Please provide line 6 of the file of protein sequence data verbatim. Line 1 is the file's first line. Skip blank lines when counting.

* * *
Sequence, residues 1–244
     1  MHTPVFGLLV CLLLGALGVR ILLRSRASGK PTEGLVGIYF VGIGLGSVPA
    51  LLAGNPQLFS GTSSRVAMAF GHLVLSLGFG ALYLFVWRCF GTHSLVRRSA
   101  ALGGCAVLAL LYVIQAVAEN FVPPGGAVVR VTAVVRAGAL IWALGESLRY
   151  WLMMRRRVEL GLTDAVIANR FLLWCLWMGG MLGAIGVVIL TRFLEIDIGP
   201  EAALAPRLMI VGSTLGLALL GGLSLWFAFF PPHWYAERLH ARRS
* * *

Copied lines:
   201  EAALAPRLMI VGSTLGLALL GGLSLWFAFF PPHWYAERLH ARRS